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I was looking at ETFs and noticed that etf like QQQ, DIA( Ex date is 09/20/2019 but pay date is 10/15/2019) pay dividends about 5 to 6 weeks after the Ex-Dividend date . But other etfs (e.g IVV, VOO) pay dividend in less than 1 week after the ex -dividend date. Please see screenshots below.

My Question is why is that? Why some ETF companies are holding the money for 5-6 weeks, but others are able to pay with in a week?

DIA Dividend Dates

QQQ Dividend Dates

IVV Dividend dates

Note: This question is simply asking what is the logic( reason) behind such delay ( by some etf)or not delay (by some etf) in paying the dividend. No one is asking suggestion if one should chose what kind of ETF, rate of return. No one is asking that ETF value goes by the dividend amount etc. And even in same ETF category like S&P 500 some ETFs are paying in 1 weeks( VOO and IVV) and some are paying in 5-6 weeks (SPY).

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    @ben-miller yes there could be bigger concerns with ETF company going bankrupt. My main question is why are these companies holding dividend for 5-6 weeks. – Raj Sep 22 at 22:29
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    @bob-baerker I am not asking what kind of ETF pays dividend or not. I am also not asking about leveraged ETFs either – Raj Sep 23 at 1:44
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    I don't know that the "why" can be answered without inside information into their strategy. But I would remind you that dividends are a wash from a value standpoint - the value of the ETF goes down by the amount of the dividend. So at worst you're missing out on a few weeks' worth of returns on the dividend amount. – D Stanley Sep 23 at 13:44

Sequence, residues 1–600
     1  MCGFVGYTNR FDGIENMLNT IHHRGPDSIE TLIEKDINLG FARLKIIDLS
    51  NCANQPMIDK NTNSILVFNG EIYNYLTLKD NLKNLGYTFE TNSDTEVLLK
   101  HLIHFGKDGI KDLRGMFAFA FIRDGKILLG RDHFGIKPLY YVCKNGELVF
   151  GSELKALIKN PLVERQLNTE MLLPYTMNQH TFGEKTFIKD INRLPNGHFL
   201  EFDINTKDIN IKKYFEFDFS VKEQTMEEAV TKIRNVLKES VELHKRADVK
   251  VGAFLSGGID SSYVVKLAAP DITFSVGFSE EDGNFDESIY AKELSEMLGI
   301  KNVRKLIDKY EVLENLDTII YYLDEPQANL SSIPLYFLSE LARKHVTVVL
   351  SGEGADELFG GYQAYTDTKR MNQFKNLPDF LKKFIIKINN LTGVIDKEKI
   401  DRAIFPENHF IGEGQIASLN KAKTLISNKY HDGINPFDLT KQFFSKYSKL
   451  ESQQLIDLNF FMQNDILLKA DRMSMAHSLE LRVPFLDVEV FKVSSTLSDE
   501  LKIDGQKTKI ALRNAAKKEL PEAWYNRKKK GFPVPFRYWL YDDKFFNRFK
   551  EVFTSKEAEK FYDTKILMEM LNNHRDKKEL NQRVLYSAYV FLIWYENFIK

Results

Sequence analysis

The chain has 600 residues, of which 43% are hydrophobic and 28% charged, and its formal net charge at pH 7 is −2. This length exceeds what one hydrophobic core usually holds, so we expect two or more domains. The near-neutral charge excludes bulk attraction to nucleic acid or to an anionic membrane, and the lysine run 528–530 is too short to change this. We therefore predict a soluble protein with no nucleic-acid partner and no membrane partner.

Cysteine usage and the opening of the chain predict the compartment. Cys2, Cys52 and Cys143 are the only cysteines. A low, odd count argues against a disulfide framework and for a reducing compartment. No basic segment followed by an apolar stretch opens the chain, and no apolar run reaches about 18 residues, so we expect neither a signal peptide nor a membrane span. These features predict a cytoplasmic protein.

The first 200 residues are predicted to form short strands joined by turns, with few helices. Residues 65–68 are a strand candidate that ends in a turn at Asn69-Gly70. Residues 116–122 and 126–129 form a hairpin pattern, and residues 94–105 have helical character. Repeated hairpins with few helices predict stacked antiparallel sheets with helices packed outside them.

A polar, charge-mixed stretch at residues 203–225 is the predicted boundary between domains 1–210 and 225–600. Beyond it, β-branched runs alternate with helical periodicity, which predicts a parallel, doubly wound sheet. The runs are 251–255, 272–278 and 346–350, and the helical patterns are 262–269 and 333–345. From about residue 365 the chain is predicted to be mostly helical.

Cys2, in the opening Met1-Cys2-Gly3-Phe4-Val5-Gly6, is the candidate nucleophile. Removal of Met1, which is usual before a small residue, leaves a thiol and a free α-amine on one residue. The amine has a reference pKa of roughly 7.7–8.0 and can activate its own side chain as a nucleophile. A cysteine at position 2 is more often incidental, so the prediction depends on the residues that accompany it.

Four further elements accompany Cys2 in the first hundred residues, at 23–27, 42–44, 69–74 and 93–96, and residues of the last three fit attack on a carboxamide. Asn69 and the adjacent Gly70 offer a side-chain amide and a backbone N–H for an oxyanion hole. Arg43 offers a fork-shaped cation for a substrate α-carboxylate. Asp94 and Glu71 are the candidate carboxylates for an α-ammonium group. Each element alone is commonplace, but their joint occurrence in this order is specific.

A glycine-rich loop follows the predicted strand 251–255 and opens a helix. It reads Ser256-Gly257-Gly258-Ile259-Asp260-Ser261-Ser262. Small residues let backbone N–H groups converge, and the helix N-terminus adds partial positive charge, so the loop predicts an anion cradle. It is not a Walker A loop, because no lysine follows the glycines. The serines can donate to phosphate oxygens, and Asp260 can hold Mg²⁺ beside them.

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    @d-stanley from a value standpoint why question is being looked at another angle ? It is a very simple question that, why ETF companies are holding money. A dollar today is worth more than a $ 6 weeks later. – Raj Sep 23 at 14:32
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    @bob-baerker I don't understand what is wrong in asking this question and why it is being related to 17% market return ( very difficult to beat the market). The question is not about it does not matter etc, question is why some etf company hold the dividend long and why some does not hold long. – Raj Sep 23 at 18:03
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The simplistic answer is that Ex Dates and Payment/Payable Dates serve different purposes, so there is no intrinsic reason why they should be the same.

Ex Dates are administrative - they serve to indicate whether someone is entitled to the upcoming dividends.

Once the company sets the record date, the ex-dividend date is set based on stock exchange rules. The ex-dividend date for stocks is usually set one business day before the record date. If you purchase a stock on its ex-dividend date or after, you will not receive the next dividend payment. Instead, the seller gets the dividend. If you purchase before the ex-dividend date, you get the dividend. - Ex-Dividend Dates, Investor.gov

Payment/Payable Dates are transactional: companies need to actually make payments to shareholders.

Payment date is the day when the dividends will actually be distributed to the shareholders of a company or credited to brokerage accounts. - Introduction to Dividends, Boundless Finance

The rest of this answer is an educated guess. (This answer is not to be taken as financial advice.)